The Clipper card's managed to shed most of the growing pains that stretched out its development over the last two decades. But a few roadbumps still remain.
Ferry riders are grumbling over revelations that the one-size-fits-all transit pass may come with a fare hike.
Currently, ferry riders get a 46 percent discount on their rides. But budget shortfalls mean that the cost of each ride could rise by around 50 cents. That's still only about half of what cash-paying customers face, but it's enough to bug some regular commuters.
The budget woes would likely also be accompanied by service cuts, saving about half a million dollars.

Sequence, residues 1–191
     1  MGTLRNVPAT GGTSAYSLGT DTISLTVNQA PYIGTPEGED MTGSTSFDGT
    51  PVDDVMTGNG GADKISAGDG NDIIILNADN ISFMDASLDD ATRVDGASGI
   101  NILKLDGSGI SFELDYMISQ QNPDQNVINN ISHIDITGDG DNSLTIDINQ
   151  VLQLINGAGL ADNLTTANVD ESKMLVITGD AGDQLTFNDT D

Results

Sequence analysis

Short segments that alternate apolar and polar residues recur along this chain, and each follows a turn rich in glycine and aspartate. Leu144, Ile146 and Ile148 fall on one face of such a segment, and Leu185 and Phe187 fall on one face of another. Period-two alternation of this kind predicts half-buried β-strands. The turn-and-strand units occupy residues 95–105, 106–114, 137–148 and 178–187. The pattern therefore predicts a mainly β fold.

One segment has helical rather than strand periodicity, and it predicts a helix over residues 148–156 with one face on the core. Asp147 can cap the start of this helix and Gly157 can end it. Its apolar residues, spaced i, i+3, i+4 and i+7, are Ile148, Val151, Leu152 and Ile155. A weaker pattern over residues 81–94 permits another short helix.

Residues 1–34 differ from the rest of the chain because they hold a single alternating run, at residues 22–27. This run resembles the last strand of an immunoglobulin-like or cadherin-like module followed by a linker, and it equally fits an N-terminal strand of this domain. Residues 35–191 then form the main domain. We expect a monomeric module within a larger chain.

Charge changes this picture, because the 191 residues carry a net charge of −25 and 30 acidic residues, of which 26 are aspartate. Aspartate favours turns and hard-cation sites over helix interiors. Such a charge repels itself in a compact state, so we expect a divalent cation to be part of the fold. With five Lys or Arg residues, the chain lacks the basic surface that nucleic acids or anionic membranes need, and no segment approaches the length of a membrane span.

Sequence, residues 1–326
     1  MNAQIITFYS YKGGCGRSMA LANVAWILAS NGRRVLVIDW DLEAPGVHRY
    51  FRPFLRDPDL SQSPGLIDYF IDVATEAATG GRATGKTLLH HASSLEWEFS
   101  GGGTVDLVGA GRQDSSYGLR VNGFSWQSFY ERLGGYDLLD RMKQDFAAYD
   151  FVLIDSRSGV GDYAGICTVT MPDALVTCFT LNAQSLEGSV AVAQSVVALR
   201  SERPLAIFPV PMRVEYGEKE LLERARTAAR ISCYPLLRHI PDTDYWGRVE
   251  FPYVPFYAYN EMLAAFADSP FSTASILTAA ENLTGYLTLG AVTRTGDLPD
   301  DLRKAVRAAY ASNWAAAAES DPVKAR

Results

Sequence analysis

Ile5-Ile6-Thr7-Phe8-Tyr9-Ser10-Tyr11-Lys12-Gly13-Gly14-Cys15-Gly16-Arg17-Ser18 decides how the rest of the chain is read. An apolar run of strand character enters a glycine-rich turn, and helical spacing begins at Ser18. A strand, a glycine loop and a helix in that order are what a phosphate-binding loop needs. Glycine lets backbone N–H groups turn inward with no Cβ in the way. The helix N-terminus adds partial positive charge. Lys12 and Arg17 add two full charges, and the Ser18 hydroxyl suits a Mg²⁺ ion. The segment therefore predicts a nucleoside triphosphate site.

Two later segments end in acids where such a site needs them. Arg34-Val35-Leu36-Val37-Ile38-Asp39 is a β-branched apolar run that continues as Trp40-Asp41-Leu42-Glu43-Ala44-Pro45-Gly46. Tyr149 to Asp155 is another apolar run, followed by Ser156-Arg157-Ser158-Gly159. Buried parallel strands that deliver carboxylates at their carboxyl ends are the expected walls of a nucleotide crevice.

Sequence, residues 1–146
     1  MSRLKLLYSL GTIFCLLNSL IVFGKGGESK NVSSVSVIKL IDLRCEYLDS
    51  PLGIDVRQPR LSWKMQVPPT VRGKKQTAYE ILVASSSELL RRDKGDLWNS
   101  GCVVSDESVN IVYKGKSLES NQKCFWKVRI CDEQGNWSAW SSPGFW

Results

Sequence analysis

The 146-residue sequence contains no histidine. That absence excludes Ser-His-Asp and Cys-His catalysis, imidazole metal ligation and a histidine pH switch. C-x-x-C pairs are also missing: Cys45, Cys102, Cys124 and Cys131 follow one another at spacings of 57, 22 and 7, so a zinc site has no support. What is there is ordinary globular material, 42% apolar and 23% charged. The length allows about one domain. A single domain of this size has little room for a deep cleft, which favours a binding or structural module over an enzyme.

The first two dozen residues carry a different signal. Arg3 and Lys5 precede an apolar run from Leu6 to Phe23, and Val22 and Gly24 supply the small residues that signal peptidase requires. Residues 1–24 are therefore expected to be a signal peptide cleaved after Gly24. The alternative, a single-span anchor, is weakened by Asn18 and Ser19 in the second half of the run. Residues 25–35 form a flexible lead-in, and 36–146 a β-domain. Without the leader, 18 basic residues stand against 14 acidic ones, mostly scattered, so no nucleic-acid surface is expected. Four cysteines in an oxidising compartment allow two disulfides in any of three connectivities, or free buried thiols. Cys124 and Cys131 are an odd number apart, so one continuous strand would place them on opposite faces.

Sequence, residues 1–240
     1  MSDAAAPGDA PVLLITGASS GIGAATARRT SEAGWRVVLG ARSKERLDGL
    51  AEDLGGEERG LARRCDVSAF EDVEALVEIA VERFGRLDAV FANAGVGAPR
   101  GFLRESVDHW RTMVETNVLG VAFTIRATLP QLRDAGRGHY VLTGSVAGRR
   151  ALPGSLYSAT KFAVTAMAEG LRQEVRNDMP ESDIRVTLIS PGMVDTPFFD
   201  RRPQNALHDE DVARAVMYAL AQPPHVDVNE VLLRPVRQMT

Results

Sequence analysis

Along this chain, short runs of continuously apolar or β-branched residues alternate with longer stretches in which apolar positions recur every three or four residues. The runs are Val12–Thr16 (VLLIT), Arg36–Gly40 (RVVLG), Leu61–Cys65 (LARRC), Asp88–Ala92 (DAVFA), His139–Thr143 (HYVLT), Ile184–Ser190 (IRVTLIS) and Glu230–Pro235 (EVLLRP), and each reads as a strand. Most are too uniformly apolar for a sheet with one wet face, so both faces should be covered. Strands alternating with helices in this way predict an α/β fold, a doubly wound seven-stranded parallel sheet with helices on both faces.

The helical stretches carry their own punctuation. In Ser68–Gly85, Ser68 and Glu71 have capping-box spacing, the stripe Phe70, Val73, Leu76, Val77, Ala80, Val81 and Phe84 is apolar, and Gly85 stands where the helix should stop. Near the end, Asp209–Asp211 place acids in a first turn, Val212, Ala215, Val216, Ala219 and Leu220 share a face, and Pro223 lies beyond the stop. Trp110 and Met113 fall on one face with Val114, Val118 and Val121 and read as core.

Meanwhile, BART has stated that it has no plans to close a loophole that allows riders to travel anywhere in the system for just two dollars. With a certain type of transit pass, riders can accrue a negative balance. Ordinarily, they wouldn't be able to exit the system unless they paid off the fare, but because there aren't enough add-value machines in all of the stations, the gates have been programmed to allow passengers to exit even if they haven't paid their share.
Currently, a couple hundred people exploit the feature every day.
BART is also wringing its hands over the transition from EZ Pass to Clipper. The system's old transit pass card is scheduled to be phased out in December, but so far not enough users have made the switch to Clipper. The BART Board fears that last-minute conversions could overwhelm station agents and customer service reps.